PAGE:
After a successful inaugural year, the Greenpoint Film Festival makes its return to the neighborhood this week, showcasing talented young filmmakers and actors and providing local cinephiles the opportunity to view interesting and dynamic films in their own backyard.
More than 25 films will be screened at the four-day event, which runs from Thursday, September 20th through Sunday, September 23rd at multiple locations throughout Greenpoint. The films were selected by eight judges from a field of over 100 submissions in categories such as Documentary, Narrative, and Experimental.
Some of each day’s highlights from this year’s Greenpoint Film Festival include:
Thursday: The program begins at 186 Huron Street with an opening reception at 6 p.m., followed by the screening of Deaf Jam, a documentary directed by Judy Lieff about the world of American Sign Language poetry, as told through the eyes of deaf teenager Aneta Brodski. Deaf Jam won the Documentary Feature Competition at the festival. A Q&A with both Lieff and Brodski will follow the film and the evening will conclude with an after party.
Friday: The Millennium Film Workshop, a non-profit media arts center and cinema dedicated to avant-garde and experimental film, will dominate the second day of the festival with a series called Millennium Nomadic. The program will consist of three workshops and a panel, whose purpose is to shed light on various techniques, visions, and performances that help define experimental film. Various experimental filmmakers are curating the workshops, including Grahame Weinbren, a “pioneer” of interactive cinema whose works have been shown at the Berlin Film Festival among other exhibitions, and Bradley Eros, an artist whose works have been exhibited at galleries such as the Whitney and MoMA. The Millennium Film Workshop will also be held at the Huron Street location, with the first workshop beginning at 5 p.m.
Saturday: The highlight at the Huron Street location is a program called Bill Morrison: Light Excavations, a two-part program curated by Paul Dallas that highlights Morrison’s experimental films, often rooted in the use of archival footage and collaborations with musicians and composers. There will be a Q&A with Morrison after the first program. Several blocks away at 329 Greenpoint Avenue, the festival will be hosting its Community Program. This includes a screening of the documentary, The Domino Effect, directed by Megan Sperry, Daniel Phelps, and Brian Paul, that details the controversial plan to transform the old Domino Sugar Factory into luxury condos. Later in the afternoon at the Greenpoint Avenue location there will be an Environmental Program, where five films, ranging from shorts to features, will be screened. All the films are related to the environmental issues surrounding Greenpoint. The screenings will be followed by an environmental panel featuring the filmmakers.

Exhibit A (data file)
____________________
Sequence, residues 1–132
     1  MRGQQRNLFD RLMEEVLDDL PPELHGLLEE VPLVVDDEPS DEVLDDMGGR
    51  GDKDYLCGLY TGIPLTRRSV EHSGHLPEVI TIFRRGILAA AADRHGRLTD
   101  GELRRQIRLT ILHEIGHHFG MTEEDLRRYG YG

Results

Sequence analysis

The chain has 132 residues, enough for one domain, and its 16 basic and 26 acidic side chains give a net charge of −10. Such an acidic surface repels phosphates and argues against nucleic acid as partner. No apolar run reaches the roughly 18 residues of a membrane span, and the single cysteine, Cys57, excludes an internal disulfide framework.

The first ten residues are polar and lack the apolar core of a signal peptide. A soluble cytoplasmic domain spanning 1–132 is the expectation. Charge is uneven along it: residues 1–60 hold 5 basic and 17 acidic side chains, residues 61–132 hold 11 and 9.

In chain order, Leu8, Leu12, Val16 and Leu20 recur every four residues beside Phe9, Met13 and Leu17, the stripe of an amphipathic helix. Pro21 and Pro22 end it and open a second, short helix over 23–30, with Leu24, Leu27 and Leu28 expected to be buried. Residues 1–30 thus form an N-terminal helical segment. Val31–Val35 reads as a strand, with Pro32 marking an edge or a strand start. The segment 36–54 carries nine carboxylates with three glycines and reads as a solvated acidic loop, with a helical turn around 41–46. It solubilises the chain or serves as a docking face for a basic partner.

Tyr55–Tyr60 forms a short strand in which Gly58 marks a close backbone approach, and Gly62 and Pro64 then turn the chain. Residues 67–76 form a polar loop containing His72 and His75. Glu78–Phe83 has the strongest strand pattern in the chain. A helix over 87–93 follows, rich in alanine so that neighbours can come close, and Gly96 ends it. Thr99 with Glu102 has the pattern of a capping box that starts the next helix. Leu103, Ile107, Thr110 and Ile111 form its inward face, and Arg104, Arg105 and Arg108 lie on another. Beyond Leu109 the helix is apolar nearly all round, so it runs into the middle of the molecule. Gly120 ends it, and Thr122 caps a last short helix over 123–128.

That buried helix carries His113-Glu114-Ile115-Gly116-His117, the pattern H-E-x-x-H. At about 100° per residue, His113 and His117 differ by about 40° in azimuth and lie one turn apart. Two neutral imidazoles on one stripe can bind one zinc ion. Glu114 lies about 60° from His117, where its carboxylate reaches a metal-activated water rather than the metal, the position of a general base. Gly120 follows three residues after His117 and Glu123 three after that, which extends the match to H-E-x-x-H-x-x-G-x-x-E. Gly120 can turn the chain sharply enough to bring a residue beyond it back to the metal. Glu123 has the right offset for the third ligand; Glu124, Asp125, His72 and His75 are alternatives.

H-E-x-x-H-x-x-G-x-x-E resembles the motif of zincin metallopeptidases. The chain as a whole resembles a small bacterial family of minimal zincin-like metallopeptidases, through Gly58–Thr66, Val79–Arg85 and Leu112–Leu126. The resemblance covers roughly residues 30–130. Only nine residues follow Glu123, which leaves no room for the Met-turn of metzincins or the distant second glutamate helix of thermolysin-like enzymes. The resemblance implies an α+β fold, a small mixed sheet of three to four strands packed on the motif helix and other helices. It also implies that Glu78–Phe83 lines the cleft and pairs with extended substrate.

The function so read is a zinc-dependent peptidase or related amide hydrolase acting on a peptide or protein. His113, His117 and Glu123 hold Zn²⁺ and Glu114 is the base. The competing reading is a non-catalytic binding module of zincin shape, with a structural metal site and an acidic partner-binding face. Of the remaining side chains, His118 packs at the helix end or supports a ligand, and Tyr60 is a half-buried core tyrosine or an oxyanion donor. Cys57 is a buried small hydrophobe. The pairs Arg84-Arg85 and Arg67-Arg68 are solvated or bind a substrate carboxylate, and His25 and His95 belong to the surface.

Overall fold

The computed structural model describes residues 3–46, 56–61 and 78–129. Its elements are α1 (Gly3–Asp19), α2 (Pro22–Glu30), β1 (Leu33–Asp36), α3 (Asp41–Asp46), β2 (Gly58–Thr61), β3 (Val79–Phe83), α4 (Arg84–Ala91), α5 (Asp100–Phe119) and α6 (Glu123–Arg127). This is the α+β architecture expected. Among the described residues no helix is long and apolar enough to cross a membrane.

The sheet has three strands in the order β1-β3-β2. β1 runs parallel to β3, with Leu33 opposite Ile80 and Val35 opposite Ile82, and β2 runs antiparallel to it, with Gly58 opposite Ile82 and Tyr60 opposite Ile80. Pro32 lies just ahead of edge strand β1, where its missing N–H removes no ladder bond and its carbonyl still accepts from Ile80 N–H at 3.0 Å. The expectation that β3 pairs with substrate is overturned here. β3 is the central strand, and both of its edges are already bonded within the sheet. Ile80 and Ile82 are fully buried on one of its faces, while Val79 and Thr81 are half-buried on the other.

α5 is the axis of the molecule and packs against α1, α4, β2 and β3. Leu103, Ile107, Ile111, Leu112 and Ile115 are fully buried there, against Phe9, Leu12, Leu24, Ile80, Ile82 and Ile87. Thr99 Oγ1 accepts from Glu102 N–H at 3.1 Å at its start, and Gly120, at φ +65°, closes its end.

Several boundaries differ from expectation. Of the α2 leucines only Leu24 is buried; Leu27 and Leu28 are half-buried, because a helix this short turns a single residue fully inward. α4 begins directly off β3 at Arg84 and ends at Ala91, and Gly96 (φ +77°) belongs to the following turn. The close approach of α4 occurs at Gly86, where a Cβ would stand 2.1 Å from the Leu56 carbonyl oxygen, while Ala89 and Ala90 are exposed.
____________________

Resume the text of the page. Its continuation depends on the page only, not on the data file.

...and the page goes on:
Sunday: The final day of the festival begins at 11:45 a.m. at 607 Manhattan Avenue with the screening of Maybe Tomorrow, a narrative feature directed by Michael Wolfe. Later that day, Golf In The Kingdom, the winner of the festival’s Narrative Feature competition, will be screened as well as Angelfish, which won the Narrative Shorts competition. At Huron Street, the day commences with the screening of the documentary feature, Funeral Season, directed by Matthew Lancit, and described as a “comedic ghost story” about a Canadian Jew traveling through Cameroon who becomes haunted by the memories of his own ancestors. At 3:30, the festival will hold a Social Justice program that will include short films that address issues surrounding LGBTQ, the Occupy Movement, Human Rights/Sexual Exploitation, Immigration and the Urban Environment. The festival will conclude with a closing reception at 7:15 p.m. at the Huron Street location.
For tickets and more information on the Greenpoint Film Festival, visit www.greenpointfilmfestival.org.
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